If you are an owner of a Smart phone belongs to the Google Nexus family and confronting frequent reboot or abnormal behaviour in your phone then you should be cautious, because you may have been a victim of a recent Nexus based mobile flaw that prompt your Smartphone to reboot on its own, or lose the Network connectivity by just receiving a simple Flash Text Message.
Bogdan Alecu, an Independent security researcher, had exposed this vulnerability publicly after his e-mail were overlooked by Google, according to him, “Someone from the Android Security Team responded in July and said the issue would be fixed in Android 4.3, but it wasn’t.”
This Bug has only affected Nexus devices which are running under Android versions of Ice Cream Sandwich through Kit Kat; this includes Google Galaxy Nexus, Nexus 4 and Nexus 5 phones.
When an individual – probably an attacker – sends a huge number of Flash messages to the phone (about 30 or even less), and if the messages are not discarded by the receiver right away, then the Nexus device start behaving in unusual ways and may sometime causes repeated reboots, in such scenario, if a PIN is required to unlock the SIM, the phone wouldn’t be able to connect to the network, and since there is no network connection, the handset would not receive any calls, messages or any type of notifications.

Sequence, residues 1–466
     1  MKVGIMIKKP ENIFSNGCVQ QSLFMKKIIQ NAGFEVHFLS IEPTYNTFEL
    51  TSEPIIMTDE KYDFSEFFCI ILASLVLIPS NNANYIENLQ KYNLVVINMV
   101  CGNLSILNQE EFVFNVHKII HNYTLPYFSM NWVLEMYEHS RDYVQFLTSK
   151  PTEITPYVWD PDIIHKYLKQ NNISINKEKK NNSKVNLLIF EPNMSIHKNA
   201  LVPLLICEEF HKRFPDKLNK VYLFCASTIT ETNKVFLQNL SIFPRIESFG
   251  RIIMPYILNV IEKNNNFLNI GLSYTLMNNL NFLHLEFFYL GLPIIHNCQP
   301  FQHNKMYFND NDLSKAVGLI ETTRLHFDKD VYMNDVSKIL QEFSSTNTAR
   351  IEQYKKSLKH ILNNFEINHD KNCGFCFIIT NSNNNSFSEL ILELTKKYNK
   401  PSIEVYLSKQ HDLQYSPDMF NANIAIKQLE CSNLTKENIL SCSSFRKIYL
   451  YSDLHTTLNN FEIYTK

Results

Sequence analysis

In case if you don’t know, Flash Messages are a kind of text-messages which appears directly on the main screen of the phone without any user communication, and is not automatically stored in the inbox.
In Android devices, it is normally received as a system alert and flashes on the screen as soon as it is received. These messages are beneficial in urgencies such as a fire alarms or instances of confidentiality, as in delivering one-time passwords.
Here is an illustration of one such message grabbed from Google,
So what are you supposed to do if you’re a Nexus owner and have facing such kind of behaviour?
The good news is that Alecu along with Michael Mueller – an IT security consultant from Germany had developed an app that allows users to set a limit on how many Flash messages their device should receive in a certain period of time; This app is called Class0Firewall and is already available in Play Store, here.
As far as the official fix is concerned, Google told PCWorld that it’s examining the issue, and that so far the flaw appear to be more like a pique than a significant security bug, Google, nonetheless still plans on getting it fixed as earliest as possible.
In case if you are interested, Alecu had published some videos of tests he performed on Galaxy Nexus and Nexus 4
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